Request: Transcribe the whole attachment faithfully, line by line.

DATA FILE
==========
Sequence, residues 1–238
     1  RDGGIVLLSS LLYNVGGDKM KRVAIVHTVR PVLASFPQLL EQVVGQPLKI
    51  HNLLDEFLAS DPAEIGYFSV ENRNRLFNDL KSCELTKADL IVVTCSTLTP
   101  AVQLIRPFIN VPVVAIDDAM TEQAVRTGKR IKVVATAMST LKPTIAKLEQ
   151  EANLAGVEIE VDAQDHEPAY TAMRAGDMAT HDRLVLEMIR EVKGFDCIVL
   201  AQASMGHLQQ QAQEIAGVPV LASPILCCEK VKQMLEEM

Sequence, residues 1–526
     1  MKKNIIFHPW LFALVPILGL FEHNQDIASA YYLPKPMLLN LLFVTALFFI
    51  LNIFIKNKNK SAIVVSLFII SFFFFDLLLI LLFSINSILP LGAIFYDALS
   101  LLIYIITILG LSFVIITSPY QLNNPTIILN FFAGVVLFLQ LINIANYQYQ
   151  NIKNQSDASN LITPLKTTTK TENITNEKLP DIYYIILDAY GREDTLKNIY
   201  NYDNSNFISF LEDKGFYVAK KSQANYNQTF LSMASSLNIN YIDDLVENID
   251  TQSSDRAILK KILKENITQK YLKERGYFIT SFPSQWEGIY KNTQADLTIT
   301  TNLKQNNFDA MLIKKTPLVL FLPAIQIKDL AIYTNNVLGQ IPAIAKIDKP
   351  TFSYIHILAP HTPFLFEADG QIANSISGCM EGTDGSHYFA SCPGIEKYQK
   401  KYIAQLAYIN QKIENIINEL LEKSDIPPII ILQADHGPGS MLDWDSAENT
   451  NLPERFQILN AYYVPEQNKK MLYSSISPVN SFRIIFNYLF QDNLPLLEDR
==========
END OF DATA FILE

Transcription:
Sequence, residues 1–238
     1  RDGGIVLLSS LLYNVGGDKM KRVAIVHTVR PVLASFPQLL EQVVGQPLKI
    51  HNLLDEFLAS DPAEIGYFSV ENRNRLFNDL KSCELTKADL IVVTCSTLTP
   101  AVQLIRPFIN VPVVAIDDAM TEQAVRTGKR IKVVATAMST LKPTIAKLEQ
   151  EANLAGVEIE VDAQDHEPAY TAMRAGDMAT HDRLVLEMIR EVKGFDCIVL
   201  AQASMGHLQQ QAQEIAGVPV LASPILCCEK VKQMLEEM

Sequence, residues 1–526
     1  MKKNIIFHPW LFALVPILGL FEHNQDIASA YYLPKPMLLN LLFVTALFFI
    51  LNIFIKNKNK SAIVVSLFII SFFFFDLLLI LLFSINSILP LGAIFYDALS
   101  LLIYIITILG LSFVIITSPY QLNNPTIILN FFAGVVLFLQ LINIANYQYQ
   151  NIKNQSDASN LITPLKTTTK TENITNEKLP DIYYIILDAY GREDTLKNIY
   201  NYDNSNFISF LEDKGFYVAK KSQANYNQTF LSMASSLNIN YIDDLVENID
   251  TQSSDRAILK KILKENITQK YLKERGYFIT SFPSQWEGIY KNTQADLTIT
   301  TNLKQNNFDA MLIKKTPLVL FLPAIQIKDL AIYTNNVLGQ IPAIAKIDKP
   351  TFSYIHILAP HTPFLFEADG QIANSISGCM EGTDGSHYFA SCPGIEKYQK
   401  KYIAQLAYIN QKIENIINEL LEKSDIPPII ILQADHGPGS MLDWDSAENT
   451  NLPERFQILN AYYVPEQNKK MLYSSISPVN SFRIIFNYLF QDNLPLLEDR